How to install Nextcloud on an internal network

I guess I need to put my title here too. “How to install Nextcloud on an internal network”
I can install the Snap Nexcloud with no problem but everything needs SSL to sign on. For browsers, you can click past the warnings most of the time. But the windows app won’t connect. My phone won’t connect when on the same wifi it used to with no problems. Is there something I can do to shut off the SSL demands?

Hi,

A better way is to make your certificate signed by an external service. SSL on HTTP server is highly recommended nowadays.

Based on this page :Enabling HTTPS (SSL, TLS) · nextcloud-snap/nextcloud-snap Wiki · GitHub

you only need to use : sudo nextcloud.enable-https lets-encrypt

But you must open port 80 (and 443 but I’m not entirely sure).

OR

You can just type http://nextcloud.domain.com instead of https://nextcloud.domain.com if the snap does not comes with https redirection.

Hello,

Snap Nextcloud works fine with HTTP only. I dont see it needing or asking for SSL to operate.

Thanks.

Although you can disable SSL, you really shouldn’t.

You could set up your clients to trust the self signed certificate, and that should resolve the issues.

Alternatively, perhaps a much easier solution in the long term… You could still run certbot, even if you don’t allow access to the Nextcloud virtual host from the internet. Then your cert would actually be valid.

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The process of using certbot without online confirmation, is tricky. You will need a public reachable DNS server where you can add a record which LetsEncrypt can read. However if you do happens to have that, you can make subdomain certificates after registering one wildcard certificate using this method.

If using on internal network only, I agree that you still should use HTTPS. However unless you are an organization with own internal CA and the power to push policies to all devices (adding trusted certificates using device management), there is really only two feasible options:

  1. Reverse proxy with manually maintained certificates

  2. Do not use HTTPS

Option 1
You can generate, buy, use and deploy, any certificate of your choice and ensure https using a trusted certificate.

Option 2
When on an internal network only, then you are at risk of leaking authentication information for anyone on your local network. Worse if using wifi (unles WPA2/3-Enterprise with certificates), someone inside range can easily sniff your trafic as the WIFI security is easily cracked, and your files are not secure any longer. However this risk is serious IF someone would find at interesting to target you, but the probability shoudl be considered minor (I do not know you. You could be an interesting target, hence raising the probability significantly).

I would strongly recommend you to use HTTPS no matter the circumstances. I know that it is possible to manually add any certificate to mobile devices trust store, but this has to be done manually, always. Only way to avoid that, is a certificate signed by a public, recognized international, trusted CA.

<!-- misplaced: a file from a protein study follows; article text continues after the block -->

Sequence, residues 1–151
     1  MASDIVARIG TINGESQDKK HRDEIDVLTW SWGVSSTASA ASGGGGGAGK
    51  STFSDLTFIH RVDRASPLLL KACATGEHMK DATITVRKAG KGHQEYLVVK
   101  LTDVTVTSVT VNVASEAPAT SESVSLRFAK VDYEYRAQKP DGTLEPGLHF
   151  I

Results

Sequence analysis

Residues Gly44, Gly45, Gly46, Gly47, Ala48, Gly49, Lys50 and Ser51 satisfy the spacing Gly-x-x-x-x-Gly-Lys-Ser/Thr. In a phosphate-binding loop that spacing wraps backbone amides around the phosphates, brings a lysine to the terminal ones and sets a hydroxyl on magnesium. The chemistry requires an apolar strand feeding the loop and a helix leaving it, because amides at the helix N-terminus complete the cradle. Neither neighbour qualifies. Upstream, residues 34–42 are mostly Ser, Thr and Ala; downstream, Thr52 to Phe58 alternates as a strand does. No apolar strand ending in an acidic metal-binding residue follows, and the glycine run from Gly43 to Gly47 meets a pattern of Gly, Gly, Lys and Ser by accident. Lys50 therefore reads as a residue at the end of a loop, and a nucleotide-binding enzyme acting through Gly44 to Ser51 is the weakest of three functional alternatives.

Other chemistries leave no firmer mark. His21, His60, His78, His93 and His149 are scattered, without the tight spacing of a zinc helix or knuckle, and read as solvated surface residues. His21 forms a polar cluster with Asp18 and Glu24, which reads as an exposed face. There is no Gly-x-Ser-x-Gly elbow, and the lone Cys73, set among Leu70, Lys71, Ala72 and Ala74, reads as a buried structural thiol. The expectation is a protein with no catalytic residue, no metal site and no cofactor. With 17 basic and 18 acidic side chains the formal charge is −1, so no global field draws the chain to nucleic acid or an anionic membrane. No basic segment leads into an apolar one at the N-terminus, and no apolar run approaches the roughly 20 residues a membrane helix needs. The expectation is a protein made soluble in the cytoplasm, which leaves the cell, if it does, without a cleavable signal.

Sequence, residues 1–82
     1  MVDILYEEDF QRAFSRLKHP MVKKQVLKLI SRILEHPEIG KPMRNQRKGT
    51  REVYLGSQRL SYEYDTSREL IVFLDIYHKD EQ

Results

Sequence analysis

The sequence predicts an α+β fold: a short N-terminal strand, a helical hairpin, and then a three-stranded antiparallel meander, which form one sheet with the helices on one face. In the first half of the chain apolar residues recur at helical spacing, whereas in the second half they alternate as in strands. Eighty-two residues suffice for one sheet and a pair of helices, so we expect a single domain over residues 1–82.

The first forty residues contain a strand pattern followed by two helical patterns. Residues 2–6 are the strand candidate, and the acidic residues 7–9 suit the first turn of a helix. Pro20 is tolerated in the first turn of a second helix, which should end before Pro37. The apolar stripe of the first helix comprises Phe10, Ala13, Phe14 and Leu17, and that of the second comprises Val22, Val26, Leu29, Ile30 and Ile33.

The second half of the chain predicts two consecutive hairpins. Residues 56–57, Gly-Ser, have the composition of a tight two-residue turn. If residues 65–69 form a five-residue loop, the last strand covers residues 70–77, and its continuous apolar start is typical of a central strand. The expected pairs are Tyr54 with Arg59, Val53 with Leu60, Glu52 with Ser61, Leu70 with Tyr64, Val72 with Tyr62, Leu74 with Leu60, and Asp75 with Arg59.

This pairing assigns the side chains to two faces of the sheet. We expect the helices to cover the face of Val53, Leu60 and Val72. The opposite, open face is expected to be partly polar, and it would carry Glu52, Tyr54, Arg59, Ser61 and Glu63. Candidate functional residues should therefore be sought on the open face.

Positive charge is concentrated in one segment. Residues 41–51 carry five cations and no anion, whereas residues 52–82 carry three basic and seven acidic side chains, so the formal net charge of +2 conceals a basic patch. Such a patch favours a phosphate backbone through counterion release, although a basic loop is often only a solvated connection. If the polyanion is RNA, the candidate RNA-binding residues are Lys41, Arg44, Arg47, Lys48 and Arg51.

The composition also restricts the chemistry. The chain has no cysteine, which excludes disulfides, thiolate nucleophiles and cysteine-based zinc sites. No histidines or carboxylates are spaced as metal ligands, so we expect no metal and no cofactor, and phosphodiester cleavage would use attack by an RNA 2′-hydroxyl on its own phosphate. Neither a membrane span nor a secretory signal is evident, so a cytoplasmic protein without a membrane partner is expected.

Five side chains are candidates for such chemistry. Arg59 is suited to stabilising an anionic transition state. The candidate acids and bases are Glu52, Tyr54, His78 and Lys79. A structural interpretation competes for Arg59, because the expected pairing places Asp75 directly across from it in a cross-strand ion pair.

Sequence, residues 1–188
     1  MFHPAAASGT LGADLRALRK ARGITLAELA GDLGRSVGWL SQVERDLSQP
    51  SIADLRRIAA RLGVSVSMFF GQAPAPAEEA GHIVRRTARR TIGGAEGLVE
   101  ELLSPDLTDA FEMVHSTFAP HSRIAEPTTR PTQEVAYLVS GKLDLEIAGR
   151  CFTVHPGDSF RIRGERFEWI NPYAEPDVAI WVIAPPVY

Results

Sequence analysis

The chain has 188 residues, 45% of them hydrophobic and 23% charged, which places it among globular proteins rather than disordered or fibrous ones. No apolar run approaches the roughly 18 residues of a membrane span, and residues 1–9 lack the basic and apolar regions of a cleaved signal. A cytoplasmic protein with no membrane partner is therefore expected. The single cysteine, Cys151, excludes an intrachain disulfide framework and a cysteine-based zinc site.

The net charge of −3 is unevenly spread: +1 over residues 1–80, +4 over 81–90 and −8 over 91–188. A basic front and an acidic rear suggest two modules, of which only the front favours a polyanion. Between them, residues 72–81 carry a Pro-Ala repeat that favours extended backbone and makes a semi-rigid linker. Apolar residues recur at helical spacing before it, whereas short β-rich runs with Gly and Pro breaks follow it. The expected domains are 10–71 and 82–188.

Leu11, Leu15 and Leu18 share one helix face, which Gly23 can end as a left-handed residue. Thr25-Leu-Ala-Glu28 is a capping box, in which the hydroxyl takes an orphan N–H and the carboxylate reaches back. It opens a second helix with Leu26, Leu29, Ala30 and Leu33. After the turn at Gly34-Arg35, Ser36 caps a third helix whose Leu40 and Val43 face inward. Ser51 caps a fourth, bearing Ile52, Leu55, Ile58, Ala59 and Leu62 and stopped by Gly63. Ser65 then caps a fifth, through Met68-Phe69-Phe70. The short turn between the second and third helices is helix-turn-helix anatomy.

You can use automatic http verification and not have the Nextcloud virtual host available to the internet. Just serve some other site like the default site, or a redirect to bing.com, for connections coming from the internet.

Or, even simpler, enforce redirect to HTTPS but don’t forward port 443. Certbot only needs port 80.

Yeah but that still exposes the web server to the internet. If you don’t want that, DNS verification is the way to go. Most bigger domain registrars / DNS providers and afaik even some DynamicDNS Providers, like e.g. no-ip do provide APIs, which makes it relatively easy to rollout certificates, without exposing your server or any ports to the internet. When using the API of the DNS provider, the certificates will also get renewed automatically.

Yes it does expose the web server itself, but the port 80 site can consist of nothing but a redirect. Not even an actual HTML page. If that’s a security risk, then the web server isn’t suitable to be used on the internet.

Just putting it forward as a relatively easy permanent solution to the certificate problem.

If you don’t expose it, it doesn’t have to be. :wink:

Yeah this is certainly a way to get your certificates relatively easy. Nevertheless, the web server and the sub domain are still accessible from the Internet, which leads to people and bots poking at it. On the other hand it’s definitely more secure than exposing your Nextcloud. Which, by the way, is what I do. But I have other services and servers running that I don’t want to expose to the Internet in any way.

Also, I wouldn’t say the DNS challenge via API is significantly more complicated. Yes it isn’t covered in most “Install Nextcloud in 20 mins” tutorials, and yes there are a few prerequisites that need to be met, such as a DNS provider with API access. And yes the free plan of most DynDNS providers probably does not offer an API, and yes without API access it gets complicated. But other than that…? :wink:

Oh! …and In return you can get nice things like wildcard certificates. :slight_smile: